Abuna Petros went to his death the same way he had lived: humility and dignity intertwined; a man of quiet strength.

©Natty Mark Samuels, 2011.

post To the Most High

February 13th, 2011

Filed under: Literature Corner — Natty Mark Samuels @ 20:11

To the Most High

St.Giyorgis Cathedral,
In Addis Ababa,
After League of Nations betrayal.
I saw Tafari Makonnen
Approaching and Kneeling
Praying to the Most High.
I saw Ras Tafari
Broken by the lie
Praying to the Most High.

Sacred Lalibela,
The mountains called Lasta,
The worst days of his life.
I saw Tafari Makonnen
Bowing and Kneeling
Calling to the Most High.
I saw Ras Tafari
Water in his eye
Praying to the Most High.

Ethiopian Church,
Old Jerusalem,
The start of his exile.
I saw Tafari Makonnen
Prostrating and kneeling
Pleading to the Most High.
I saw Ras Tafari
The groan and the sigh
Praying to the Most High.

Somerset England,
Geneva Switzerland,
Fighting for Ethiopia.
I saw Tafari Makonnen
Praising and Kneeling
Appealing to the Most High.
I saw Ras Tafari
Head towards the sky
Praying to the Most High.

©Natty Mark Samuels, 2006

post Songs of Ndongo

February 1st, 2011

Filed under: Literature Corner — Natty Mark Samuels @ 02:35

Songs of Ndongo

A Poem for Voices

1st Voice
I was a slave
Running from Luanda
Finding sanctuary
Alongside Queen Nzinga.

2nd Voice
We ran from Luanda
We ran from Benguela
From the ships to Brazil
The ships to Cuba

1st Voice
I ran and ran
To be a free man

2nd Voice
All the way to Matamba;
To fight with Queen Nzinga.

Mbundu Man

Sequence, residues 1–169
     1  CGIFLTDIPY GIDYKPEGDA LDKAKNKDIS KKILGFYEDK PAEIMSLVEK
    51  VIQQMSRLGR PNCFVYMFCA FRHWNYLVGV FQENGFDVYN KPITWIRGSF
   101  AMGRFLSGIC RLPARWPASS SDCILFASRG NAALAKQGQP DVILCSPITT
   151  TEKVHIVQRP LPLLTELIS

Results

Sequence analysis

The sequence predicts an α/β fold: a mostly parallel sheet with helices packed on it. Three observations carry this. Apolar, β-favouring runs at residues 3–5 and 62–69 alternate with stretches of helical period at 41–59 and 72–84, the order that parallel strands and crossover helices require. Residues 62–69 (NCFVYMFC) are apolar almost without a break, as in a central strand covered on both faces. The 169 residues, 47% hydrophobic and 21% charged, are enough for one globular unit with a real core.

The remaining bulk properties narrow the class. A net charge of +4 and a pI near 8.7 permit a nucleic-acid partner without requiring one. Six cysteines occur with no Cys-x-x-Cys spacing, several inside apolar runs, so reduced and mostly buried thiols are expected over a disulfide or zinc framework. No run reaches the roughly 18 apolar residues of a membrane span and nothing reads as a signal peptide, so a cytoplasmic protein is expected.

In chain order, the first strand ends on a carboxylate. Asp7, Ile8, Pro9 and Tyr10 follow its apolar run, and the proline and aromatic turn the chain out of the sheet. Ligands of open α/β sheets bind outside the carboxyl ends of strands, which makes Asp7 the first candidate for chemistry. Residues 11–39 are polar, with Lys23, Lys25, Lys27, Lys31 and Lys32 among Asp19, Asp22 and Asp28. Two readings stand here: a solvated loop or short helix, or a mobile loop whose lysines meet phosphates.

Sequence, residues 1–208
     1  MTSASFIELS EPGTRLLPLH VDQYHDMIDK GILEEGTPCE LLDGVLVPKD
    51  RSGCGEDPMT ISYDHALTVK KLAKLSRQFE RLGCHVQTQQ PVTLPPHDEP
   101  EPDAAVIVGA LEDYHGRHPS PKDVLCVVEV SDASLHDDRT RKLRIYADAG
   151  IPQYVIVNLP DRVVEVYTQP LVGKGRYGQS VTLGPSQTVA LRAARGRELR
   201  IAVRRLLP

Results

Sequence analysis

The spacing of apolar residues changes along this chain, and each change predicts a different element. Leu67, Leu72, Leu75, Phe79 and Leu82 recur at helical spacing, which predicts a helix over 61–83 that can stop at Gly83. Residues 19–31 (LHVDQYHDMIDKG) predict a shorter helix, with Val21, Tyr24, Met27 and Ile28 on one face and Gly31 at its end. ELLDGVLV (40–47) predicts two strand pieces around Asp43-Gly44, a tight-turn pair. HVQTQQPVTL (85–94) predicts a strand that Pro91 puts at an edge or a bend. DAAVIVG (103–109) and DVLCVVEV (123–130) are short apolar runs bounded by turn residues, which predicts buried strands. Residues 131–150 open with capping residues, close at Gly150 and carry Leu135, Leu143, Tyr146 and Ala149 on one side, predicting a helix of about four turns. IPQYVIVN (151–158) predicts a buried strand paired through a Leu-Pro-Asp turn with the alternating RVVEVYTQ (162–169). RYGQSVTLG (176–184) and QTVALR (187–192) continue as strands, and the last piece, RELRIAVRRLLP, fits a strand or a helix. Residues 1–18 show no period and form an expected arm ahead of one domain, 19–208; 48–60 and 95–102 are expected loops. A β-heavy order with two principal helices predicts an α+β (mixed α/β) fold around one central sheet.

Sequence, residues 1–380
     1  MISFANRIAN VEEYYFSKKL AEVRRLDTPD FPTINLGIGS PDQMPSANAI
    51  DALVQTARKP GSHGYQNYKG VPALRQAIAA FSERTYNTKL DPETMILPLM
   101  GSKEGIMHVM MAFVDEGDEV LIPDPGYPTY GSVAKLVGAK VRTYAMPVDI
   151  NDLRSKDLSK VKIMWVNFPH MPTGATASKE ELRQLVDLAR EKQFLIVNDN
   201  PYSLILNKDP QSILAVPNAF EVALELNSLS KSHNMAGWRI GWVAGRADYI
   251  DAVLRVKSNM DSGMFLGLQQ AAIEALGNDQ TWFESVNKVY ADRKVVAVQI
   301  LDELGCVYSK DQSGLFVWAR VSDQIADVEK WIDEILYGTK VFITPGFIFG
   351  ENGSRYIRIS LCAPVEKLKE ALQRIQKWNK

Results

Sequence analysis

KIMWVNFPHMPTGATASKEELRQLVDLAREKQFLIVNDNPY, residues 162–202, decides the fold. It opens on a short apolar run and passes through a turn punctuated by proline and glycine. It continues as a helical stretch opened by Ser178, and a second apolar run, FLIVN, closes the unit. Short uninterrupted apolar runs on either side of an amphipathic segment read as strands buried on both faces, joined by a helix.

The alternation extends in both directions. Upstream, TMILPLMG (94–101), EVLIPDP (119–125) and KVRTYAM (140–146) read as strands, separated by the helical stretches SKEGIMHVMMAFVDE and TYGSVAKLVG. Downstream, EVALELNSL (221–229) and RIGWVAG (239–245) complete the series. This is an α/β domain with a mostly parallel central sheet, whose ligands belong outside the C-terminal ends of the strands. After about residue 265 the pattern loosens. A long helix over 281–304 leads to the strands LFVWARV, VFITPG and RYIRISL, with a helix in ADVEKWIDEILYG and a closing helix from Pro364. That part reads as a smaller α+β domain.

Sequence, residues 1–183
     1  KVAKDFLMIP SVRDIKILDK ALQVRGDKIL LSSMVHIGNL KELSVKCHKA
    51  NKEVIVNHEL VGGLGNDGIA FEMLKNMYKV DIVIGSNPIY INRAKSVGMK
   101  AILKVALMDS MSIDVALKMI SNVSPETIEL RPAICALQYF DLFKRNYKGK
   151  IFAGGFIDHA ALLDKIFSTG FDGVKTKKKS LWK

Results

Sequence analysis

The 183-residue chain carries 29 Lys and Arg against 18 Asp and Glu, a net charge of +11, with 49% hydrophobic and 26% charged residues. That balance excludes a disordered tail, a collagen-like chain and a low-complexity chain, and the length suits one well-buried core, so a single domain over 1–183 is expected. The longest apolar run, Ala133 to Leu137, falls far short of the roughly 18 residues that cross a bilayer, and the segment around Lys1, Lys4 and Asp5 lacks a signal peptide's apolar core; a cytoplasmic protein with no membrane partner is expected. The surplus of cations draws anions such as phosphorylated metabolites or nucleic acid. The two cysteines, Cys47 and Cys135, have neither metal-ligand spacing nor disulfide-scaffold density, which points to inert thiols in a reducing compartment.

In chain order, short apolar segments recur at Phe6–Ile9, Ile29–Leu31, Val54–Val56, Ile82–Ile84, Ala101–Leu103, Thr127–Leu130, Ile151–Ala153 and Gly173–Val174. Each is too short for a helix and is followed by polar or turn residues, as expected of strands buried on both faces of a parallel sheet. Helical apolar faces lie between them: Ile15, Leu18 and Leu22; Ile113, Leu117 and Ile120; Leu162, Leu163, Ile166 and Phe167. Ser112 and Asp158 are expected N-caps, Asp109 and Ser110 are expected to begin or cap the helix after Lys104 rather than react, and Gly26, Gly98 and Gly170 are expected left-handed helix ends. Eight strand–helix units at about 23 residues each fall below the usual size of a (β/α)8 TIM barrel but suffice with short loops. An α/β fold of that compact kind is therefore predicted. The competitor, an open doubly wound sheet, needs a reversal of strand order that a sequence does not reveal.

From the Kingdon of Ndongo
Enslaved by the people
From the Kingdom of Kongo.

1st Voice
They tricked the Mani Kongo
With their words
And their brand of Christianity.
Needing numbers
For their sugar trade
On the isle of Sao Tome.

Church and Crown
Church and Crown

2nd Voice
Slavery made easier
With those two around.

Crown issued the license

1st Voice
Levied the tax

Church gave the blessing

1st Voice
Morality lax.

1st Voice
Her brother the King
Sent her to Luanda
To speak for Ndongo
The trusted Ambassador.
Turned to Christianity
The name Anna de Souza
The Portuguese Governor
Her new ‘godfather’.

2nd Voice
A great diplomat
Signed a promising treaty
Governor changed his mind
The continuance of cruelty.

1st Voice
The Portuguese invader
Was a skilled manipulator.
He tricked the Mani Kongo
He tricked the Ngola
Outdoing the brother
But couldn’t ensnare the sister

3rd Voice
Heard her brother committed suicide
Is it true?
Is it true?

2nd Voice
Ndongo was weak
Nzinga is strong
Time to build anew

Watching the Kwanza flow,
She sat by herself,
Singing songs of Ndongo.

1st Voice
She sat for awhile
Delaying as long as she could
The entrance into exile

Queen Nzinga
Great River Kwanza
I shall return
But now I have to go.
I shall return
The question is when
The answer I do not know.
River and land
Beautiful land
Time to leave Ndongo.

Into the place called exile
She led them by the hand

Queen Nzinga
This is war
This the first battle
We shall return to Mbunduland

Watching a river flow,
She would sit by herself,